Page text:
Inner Peace Vital
India’s long-standing tradition of ahimsa must continue forever. Otherwise the 21st century can turn out to be bloodier than any.
These days, when I wake up in the morning and start my meditation, I often wonder how many people have been killed and how many children have starved to death while I peacefully slept. Violence in the name of religion is unthinkable. The 20th century was an era of violence that resulted from lack of far-sightedness—giving in to destructive emotions, and lack of moral principles. This was made worse by a belief in the use of force to solve problems.
We have to stop and think—if we go on like this, the 21st century will be an era of violence and suffering like the century that went before. For someone who is 82 years old like me, there isn’t much to worry about, but those who belong to the younger generation today need to question whether this is what they want. Much of the suffering we face is of our own making. We have to ask how we can reduce and counter the problems we have created.
Wherever I go, I remind people of the oneness of humanity, this is the essential message of all the major religious traditions. Religion is wonderful. All our religious traditions carry a message of love and a need for inner peace. But religion itself has now become a factor in causing divisions among people—leading even to killing. It’s unthinkable, a clear lack of moral principles.
The basis of moral principles is to have a real concern for the well-being of others and an appreciation of the oneness of humanity. Whether science or religion is constructive or destructive depends on our motivation and whether we are guided by moral principles. In the past, ethics were the province of religion. But now out of seven billion human beings more than one billion declare they have no faith. Even among those who claim to have faith, there are many who lack conviction. Then there are troublemakers who seek to make mischief in almost all religious groups. This is why it is important today to promote a code of secular ethics that can have universal appeal irrespective of whether we support this or that religion. Differences that exist between us, such as faith, race or nationality are secondary in comparison to the fact that we are the same as being human and that we all have the potential to be compassionate.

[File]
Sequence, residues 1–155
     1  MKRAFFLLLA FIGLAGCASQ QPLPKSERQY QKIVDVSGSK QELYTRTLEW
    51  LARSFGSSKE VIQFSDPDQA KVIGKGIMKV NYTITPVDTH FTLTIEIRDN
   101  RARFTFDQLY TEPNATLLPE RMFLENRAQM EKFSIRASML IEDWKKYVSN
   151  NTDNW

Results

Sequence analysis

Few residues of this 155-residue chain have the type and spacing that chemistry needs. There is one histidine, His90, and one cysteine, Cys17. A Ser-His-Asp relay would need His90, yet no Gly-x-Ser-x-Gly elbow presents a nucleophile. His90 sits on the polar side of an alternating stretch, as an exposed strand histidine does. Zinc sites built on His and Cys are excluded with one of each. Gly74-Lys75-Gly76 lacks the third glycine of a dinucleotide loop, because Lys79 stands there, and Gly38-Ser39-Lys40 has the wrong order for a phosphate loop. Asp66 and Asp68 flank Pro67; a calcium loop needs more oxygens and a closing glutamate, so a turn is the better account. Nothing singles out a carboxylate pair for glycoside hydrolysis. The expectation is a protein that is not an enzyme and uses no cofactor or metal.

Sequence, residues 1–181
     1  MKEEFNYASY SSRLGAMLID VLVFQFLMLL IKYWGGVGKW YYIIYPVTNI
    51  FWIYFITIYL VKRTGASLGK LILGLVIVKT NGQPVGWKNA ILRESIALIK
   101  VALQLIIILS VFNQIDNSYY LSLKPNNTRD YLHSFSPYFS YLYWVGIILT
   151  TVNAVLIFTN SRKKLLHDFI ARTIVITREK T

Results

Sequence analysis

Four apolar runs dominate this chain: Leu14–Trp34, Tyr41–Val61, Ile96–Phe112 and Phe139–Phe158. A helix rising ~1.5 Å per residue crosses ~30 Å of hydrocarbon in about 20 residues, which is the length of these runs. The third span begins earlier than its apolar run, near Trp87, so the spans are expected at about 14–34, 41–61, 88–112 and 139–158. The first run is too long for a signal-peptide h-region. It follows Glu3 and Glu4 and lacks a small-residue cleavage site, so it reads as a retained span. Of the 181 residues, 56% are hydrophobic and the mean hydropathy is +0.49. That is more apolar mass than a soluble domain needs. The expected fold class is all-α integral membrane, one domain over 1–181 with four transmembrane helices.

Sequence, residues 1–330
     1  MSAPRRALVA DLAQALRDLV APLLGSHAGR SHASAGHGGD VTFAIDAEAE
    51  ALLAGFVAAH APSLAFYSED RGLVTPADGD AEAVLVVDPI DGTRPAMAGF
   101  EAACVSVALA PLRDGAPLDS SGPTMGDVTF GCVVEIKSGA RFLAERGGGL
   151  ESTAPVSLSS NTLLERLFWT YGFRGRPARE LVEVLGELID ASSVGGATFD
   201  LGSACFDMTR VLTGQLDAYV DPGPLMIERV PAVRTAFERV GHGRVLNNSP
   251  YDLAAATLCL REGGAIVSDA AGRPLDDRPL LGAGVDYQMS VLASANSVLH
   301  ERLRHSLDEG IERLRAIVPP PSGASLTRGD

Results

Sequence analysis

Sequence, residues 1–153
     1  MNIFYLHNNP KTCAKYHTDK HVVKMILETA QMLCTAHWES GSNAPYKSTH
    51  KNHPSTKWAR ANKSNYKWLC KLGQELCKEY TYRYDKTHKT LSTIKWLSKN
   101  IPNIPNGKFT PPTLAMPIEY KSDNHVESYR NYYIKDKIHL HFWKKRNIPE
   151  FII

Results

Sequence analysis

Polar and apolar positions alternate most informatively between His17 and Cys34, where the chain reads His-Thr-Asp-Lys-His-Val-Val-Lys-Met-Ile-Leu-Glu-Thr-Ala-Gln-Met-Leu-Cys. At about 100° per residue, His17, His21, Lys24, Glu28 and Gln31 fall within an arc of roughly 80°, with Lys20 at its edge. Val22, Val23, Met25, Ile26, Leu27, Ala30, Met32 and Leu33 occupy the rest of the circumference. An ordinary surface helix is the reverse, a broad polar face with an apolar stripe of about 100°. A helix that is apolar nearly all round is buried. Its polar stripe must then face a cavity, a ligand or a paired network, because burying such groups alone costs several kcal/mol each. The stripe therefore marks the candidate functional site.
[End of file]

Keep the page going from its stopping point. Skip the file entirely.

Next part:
India’s longstanding tradition of ahimsa is not based on fear, but on confidence and compassion. An example is the way religious harmony flourishes in this country. Indigenous faiths like Hinduism, Jainism, Buddhism and Sikhism thrive, but the fact that religions from elsewhere also flourish alongside them indicates real tolerance and mutual respect. Zoroastrianism came from Persia. There are some 100,000 of Parsi community in Mumbai and yet they live without fear—this is India. Likewise, Jews came and created a community in Kochi. Christians and Muslims came too. Of course occasional problems crop up, but in general, India is the only country in the world where all major religions live together in harmony and mutual respect.
The traditional Indian understanding of the word secular means having unbiased respect for all religions, as well as respect for the views of non-believers. This is a wonderful, realistic approach to religion. It is reflected in India’s secular Constitution. According to Indian understanding, the word secular does not mean disrespect for any religion. This Indian tradition that appreciates secular ethics is very relevant in today’s world.